Youth Participation

A young person speaks of their experiences of participation following CSE.

Blog special, first part in a series featuring the voices of young people.

A young person we have previously supported talks about their experience of being part of our youth participation group:

 

The consequences of not involving young people in decisions that affect them is that trust can become harder to build between the young person and the person who is making the decisions for them. This can then mean that the young person is less likely to open up about what has happened to them.

When you’ve been groomed, if feels as if all your control has been taken away from you and as part of your recovery, you then need to feel more in control of your own life and decisions, even if in reality you’re not completely. If decisions are made for you by a professional without at least asking you first, it can seriously set back your recovery and stop you from communicating and cooperating with people that are working to support you. You need to be able to trust them and that means they need to include young people in decision making.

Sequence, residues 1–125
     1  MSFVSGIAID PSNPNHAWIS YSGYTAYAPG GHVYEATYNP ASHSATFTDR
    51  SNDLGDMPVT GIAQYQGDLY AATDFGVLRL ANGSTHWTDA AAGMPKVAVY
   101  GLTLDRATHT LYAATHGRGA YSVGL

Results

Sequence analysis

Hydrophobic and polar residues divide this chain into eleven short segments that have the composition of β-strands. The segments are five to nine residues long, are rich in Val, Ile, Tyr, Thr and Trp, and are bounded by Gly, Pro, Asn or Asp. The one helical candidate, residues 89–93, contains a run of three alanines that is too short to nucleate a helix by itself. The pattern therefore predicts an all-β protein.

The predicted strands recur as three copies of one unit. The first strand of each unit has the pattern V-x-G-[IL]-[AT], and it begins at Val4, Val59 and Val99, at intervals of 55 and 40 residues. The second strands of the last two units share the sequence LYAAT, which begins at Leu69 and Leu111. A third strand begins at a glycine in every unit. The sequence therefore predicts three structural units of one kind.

This is why being involved in youth participation after CSE is extremely important. It gives you the chance to be yourself when you may not be able to at school or at home. It can also help you get away from things at home if things are tough there. It also gives you a place to make new friends which is important because when you’re going through CSE, you can lose a lot of friends which can leave you feeling alone, empty and broken.

Being involved in youth participation gives you the chance to get involved with activities and bond with others in the group. This can give you a sense of self-worth and makes you feel that you are part of something. It makes you feel as if you’re not the only one going that’s been through this, and that other people are experiencing similar trauma.

It can also lead to opportunities to try and makes changes in the laws and systems around how professionals deal with CSE. Knowing that you can make a difference to other people like you, makes you feel like you didn’t go through this trauma for nothing. I think this is a key stage in recovering after CSE.

Everything you say in participation is confidential, unless there is any reason for a professional to think you might be harmed. Being around others who have been through similar experiences gives you opportunities to talk about what’s happened to you if you feel comfortable and in a safe environment.

However, I think there needs to be much more effort to make youth participation after CSE available to more young people and to encourage other professionals to promote this as a service as it has really helped me and many others I know.

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